From an advertiser's point of view, digital broadcast seems to offer an antidote to Madison Avenue's greatest nightmare: that the mass market will fragment into countless niches that can never be profitably targeted. Because DBS is a national broadcast system from a single source, says John Cusick, president at PrimeStar, it can "aggregate markets," or create "mini-mass" markets out of niches. You could reach America's opera lovers or tractor-pull fanatics cost-effectively-something that network and cable TV can only do regionally, if at all.

When applied to the interactivity that is already in the box, it is easy to see why the future may already be sitting in people's living rooms. DBS, which requires a phone line connection, ostensibly for billing purposes, as part of its installation, "can handle 90 to 95 percent of the interactive features being talked about now," says Bracken. By that he means these systems can do interactive shopping-everything from ordering pizza, cubic zirconium or theater tickets-and even pull information off online services.

Viewers could also ask for more information on ads, even calling up an infomercial or simply requesting that the TV find an ad they had overlooked. The one thing it cannot do is handle full video on demand. That is the Holy Grail of interactive TV, which, through expensive cabling and a powerful computer server at the cable head end, gives the viewer the ability to control a movie or a TV program as if it were sitting in a VCR.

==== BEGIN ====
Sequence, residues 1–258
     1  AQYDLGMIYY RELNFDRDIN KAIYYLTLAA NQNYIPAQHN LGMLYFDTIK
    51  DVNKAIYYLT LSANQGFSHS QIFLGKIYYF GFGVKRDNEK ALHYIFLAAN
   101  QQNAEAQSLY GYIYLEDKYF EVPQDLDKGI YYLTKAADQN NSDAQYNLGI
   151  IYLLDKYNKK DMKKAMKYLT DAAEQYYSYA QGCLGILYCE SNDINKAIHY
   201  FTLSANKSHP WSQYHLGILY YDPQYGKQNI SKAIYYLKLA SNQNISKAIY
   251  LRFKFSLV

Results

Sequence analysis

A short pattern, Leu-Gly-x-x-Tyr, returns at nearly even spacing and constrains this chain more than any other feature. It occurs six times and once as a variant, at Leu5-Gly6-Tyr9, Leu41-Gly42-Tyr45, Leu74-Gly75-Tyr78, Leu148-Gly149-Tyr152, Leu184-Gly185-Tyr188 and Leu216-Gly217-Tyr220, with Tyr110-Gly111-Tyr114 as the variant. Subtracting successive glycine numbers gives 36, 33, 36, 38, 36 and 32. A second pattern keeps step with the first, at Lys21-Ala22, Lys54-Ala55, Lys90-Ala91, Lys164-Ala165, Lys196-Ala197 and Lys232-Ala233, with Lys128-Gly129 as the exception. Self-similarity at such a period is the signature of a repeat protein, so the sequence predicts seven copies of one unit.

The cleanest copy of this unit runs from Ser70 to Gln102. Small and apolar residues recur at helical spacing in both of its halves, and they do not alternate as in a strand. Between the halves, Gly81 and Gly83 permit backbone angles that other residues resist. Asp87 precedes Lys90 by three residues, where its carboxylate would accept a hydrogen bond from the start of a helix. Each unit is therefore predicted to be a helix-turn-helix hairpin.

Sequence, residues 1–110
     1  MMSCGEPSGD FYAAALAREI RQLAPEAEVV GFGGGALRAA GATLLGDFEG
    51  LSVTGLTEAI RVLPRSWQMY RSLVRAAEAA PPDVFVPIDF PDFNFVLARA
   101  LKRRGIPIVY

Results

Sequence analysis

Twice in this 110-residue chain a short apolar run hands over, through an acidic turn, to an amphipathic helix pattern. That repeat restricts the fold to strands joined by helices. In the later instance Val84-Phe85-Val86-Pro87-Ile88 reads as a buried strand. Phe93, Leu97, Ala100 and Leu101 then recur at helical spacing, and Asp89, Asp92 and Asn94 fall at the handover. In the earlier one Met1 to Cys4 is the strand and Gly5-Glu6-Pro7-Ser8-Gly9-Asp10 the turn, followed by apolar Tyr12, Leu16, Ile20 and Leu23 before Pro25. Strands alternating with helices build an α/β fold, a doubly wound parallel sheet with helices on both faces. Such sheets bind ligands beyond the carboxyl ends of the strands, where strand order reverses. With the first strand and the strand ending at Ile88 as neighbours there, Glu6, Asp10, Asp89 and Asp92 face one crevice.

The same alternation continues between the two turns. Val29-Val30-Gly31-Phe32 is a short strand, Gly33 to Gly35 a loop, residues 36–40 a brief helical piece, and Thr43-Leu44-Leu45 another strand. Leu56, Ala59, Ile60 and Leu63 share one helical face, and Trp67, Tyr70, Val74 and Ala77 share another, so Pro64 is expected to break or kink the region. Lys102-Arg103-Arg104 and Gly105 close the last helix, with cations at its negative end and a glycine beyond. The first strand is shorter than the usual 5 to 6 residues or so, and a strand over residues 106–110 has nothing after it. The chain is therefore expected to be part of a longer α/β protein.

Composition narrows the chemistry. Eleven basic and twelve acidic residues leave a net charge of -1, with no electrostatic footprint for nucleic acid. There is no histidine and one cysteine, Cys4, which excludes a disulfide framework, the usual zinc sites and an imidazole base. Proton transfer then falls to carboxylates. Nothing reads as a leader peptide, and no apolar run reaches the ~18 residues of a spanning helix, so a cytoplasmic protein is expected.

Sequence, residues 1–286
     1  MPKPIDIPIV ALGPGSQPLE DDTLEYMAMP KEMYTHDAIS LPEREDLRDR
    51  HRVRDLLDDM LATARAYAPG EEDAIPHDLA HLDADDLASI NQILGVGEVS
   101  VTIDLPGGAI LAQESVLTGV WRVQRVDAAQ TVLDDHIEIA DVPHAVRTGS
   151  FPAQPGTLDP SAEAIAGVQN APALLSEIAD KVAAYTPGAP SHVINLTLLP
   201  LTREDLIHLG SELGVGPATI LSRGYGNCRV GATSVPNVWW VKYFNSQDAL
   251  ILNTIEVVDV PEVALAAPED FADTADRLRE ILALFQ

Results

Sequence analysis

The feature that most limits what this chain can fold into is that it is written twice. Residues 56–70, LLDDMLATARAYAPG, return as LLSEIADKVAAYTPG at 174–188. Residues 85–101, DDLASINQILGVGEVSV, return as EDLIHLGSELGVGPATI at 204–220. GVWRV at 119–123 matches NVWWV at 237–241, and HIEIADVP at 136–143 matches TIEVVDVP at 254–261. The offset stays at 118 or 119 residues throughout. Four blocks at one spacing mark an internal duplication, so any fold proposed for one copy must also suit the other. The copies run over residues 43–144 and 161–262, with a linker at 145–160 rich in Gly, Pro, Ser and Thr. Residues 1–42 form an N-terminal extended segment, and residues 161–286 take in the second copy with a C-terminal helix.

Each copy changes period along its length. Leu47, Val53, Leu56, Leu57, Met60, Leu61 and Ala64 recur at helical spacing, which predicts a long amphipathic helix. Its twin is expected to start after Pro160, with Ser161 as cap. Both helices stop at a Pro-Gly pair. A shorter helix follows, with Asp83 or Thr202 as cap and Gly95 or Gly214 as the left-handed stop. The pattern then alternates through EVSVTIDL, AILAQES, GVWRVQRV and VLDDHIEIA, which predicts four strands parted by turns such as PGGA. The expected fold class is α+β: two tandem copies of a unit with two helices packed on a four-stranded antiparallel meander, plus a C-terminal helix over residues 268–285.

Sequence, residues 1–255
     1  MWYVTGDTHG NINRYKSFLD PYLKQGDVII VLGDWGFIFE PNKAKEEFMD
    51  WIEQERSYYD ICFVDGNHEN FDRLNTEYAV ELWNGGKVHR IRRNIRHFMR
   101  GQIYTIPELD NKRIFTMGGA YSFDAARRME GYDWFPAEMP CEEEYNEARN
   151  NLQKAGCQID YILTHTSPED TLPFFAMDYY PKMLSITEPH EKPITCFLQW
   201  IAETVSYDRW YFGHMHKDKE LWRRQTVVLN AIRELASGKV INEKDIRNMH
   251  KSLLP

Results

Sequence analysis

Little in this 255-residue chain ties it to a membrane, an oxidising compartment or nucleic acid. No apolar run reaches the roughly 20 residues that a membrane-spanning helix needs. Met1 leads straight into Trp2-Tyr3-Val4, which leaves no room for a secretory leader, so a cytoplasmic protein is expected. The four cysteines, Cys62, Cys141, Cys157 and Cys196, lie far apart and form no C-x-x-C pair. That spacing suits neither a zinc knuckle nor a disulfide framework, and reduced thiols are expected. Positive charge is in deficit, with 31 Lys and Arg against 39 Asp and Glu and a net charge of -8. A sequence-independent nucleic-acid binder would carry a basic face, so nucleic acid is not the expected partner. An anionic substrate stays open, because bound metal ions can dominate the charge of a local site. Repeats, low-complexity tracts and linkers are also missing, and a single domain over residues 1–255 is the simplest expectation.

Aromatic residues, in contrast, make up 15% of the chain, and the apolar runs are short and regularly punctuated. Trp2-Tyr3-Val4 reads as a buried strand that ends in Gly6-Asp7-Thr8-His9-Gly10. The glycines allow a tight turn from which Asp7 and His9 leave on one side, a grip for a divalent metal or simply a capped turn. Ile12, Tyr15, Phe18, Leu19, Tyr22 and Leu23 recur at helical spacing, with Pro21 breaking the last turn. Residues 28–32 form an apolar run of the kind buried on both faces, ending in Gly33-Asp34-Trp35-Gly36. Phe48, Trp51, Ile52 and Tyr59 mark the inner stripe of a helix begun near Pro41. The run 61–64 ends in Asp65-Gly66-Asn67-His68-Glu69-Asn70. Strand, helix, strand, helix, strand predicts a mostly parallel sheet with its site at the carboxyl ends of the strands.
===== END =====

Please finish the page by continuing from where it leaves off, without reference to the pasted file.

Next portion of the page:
If video on demand is regarded as the killer app of interactivity-the thing that will make every customer want interactive-it is also regarded by critics as the application that can kill the industry. It is expensive to install, at about $700 to $1,000 per household, and expensive to maintain. Worst of all, survey after survey has shown that for all their apparent enthusiasm, users are willing to pay no more than about $2 extra a month for the service.

DBS requires a small dish and a set-top box that costs between $650 and $1,000, but the delivery costs are dramatically lower, since full-service, cable-based interactive systems require something like a separate, computer-controlled channel per user. DBS is a broadcast system that is able to simulate most of what viewers need from interactivity, and the secret of its set-top magic is storage: Satellites "overbroadcast" information that a set-top box is able to trap in memory, and the box has enough smarts to let you access it as you need it. It can take an entire section of heavily compressed video in one chunk and then dole it out in the original sequence, grabbing it whole just so you can deal with the parts you want on your own time and doing it so fast that you always seem to be "online."

Technically, DBS is delivering compressed data at